- Rep Katie Stuart: Ramona, thank you for attending. The bills related to products on college campuses and in middle and high schools specifically state ALL restrooms. It is for the exact reason that you stated it was important to put this in place. In addition, I believe that the way to normalize menstruation and end period shame is to be open and frank about the biological process, and that includes having non-menstruators have the products out and visible in locations, and for people to speak the words in public spaces.
- Rep LaToya Greenwood, (Chief Sponsor of HB310, Menstrual Products for the Homeless): Yes
QUESTION 5: FACEBOOK Live by Faith Miller: There used to be vending machines in the bathrooms for menstrual products, is that still being recommended? What are parts of the bills on the table to provide the products for free and prevent anyone from stealing or hoarding the products?
- Rep Katie Stuart: My legislation (HB641) allows flexibility for the college campuses to determine how to meet the requirement of providing free products. They can use vending machines that do not require payment for use if they believe that is how to best support all menstruators. Additionally, they are able to form corporate partnerships to provide the materials on campus, and that may involve single use dispensers of some type. Currently, in one of the main classroom buildings on the SIU Edwardsville campus, persons using the women’s restrooms are currently greeted with a sign that states products are available in the restroom on the first floor — which isn’t too helpful when you are on the fourth floor! This is what my legislation seeks to correct.
- Rep Barbara Hernandez: When it comes to HB156, I did not include any mandatory storage for the items because the bill would be less likely to pass if it had a funding component that many schools cannot afford to do at the moment.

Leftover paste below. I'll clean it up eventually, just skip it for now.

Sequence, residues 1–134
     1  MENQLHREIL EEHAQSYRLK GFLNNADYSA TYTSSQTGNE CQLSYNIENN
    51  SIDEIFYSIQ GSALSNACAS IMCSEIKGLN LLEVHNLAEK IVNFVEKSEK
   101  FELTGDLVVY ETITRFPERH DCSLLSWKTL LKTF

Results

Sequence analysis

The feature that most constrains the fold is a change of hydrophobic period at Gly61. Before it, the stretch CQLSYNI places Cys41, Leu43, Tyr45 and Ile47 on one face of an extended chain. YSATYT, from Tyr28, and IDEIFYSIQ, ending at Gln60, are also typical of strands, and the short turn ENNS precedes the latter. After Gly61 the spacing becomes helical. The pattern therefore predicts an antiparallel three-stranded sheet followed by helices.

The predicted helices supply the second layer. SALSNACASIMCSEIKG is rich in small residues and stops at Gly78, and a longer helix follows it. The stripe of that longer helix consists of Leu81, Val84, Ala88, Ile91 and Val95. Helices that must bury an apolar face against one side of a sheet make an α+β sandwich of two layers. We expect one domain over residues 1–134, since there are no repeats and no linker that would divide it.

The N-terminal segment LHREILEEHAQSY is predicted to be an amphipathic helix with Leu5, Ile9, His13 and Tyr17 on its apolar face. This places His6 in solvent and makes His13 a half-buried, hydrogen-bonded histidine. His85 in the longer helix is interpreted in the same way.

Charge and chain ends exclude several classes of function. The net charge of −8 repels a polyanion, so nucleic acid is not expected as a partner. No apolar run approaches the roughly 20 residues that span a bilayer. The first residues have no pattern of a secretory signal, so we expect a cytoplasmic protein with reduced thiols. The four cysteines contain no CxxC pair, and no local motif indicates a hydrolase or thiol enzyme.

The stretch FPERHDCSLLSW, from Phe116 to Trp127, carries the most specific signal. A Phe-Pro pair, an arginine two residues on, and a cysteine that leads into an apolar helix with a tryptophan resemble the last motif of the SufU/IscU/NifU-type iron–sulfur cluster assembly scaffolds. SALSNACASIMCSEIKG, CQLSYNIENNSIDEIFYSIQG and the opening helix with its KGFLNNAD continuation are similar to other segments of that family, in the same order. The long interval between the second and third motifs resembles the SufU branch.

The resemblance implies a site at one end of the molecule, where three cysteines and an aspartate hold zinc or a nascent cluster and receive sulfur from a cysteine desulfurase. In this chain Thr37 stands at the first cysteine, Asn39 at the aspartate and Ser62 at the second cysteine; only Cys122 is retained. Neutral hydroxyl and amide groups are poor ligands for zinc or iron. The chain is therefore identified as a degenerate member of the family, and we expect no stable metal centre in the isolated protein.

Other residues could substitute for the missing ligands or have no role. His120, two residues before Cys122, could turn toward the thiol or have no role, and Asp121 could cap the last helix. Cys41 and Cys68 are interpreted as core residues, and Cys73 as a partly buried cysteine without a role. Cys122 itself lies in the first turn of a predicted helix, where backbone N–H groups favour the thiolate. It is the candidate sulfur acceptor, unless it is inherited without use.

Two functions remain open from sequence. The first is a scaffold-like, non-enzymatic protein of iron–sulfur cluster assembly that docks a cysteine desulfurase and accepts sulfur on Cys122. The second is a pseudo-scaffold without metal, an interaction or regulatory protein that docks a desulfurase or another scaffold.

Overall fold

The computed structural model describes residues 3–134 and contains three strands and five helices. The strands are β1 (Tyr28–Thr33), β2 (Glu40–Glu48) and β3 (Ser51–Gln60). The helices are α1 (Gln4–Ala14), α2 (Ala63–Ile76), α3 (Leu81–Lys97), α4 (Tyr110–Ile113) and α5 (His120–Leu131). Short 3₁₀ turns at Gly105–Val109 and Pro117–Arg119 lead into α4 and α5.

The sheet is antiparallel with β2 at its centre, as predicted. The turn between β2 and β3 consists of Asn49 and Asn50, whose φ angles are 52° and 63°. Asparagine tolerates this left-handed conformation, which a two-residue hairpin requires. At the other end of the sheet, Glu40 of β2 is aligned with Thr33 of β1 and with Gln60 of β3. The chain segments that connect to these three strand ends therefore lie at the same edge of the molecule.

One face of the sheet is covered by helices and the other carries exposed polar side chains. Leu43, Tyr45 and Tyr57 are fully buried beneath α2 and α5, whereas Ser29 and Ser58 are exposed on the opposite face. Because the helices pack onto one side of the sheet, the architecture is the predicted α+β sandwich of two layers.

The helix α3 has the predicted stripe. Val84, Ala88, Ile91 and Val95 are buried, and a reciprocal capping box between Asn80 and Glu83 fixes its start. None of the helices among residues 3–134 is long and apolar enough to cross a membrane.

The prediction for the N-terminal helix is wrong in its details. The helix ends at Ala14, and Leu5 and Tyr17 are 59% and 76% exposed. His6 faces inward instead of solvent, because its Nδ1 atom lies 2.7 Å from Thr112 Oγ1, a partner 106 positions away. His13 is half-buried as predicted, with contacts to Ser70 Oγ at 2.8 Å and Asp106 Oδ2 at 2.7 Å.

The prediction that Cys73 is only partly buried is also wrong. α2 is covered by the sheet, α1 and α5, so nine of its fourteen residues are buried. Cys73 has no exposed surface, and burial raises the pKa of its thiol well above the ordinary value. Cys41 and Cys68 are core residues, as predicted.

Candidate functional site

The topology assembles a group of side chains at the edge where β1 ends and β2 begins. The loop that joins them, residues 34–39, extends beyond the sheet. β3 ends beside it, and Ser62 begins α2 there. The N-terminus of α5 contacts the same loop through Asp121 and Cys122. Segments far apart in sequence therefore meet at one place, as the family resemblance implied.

- Dr. Janelle Howell: This is extremely important to figure out. If the products are free but also not controlled by how much one can access at once, then there may be an issue with preventing some from hoarding the products.
- Rep LaToya Greenwood: That could be a recommendation; the vending machine style distribution.
- She Votes Illinois: We have found no evidence that menstrual products are hoarded when supplied for free in schools — studies have shown that hoarding is not an issue. People don’t hoard toilet paper, so it stands to reason that hoarding tampons won’t be an issue once they are in regular supply. To the extent someone takes more than they need for the school day, they would be doing so because they NEED them — there is no other reason to take them. We should think of tampons/pads as no different than toilet paper or paper towels. If we treat them that way, people will treat them that way. We don’t think anyone would suggest we stop providing toilet paper to people in schools because some students may take extra home.
Join us in our fight to advance menstrual equity in Illinois
She Votes Illinois is committed to educating and creating awareness about menstrual equity while also garnering support for legislation that helps to end period poverty in Illinois.
Visit our Menstrual Equity Toolkit today — complete with resources and calls to action to pass legislation to advance menstrual equity in Illinois.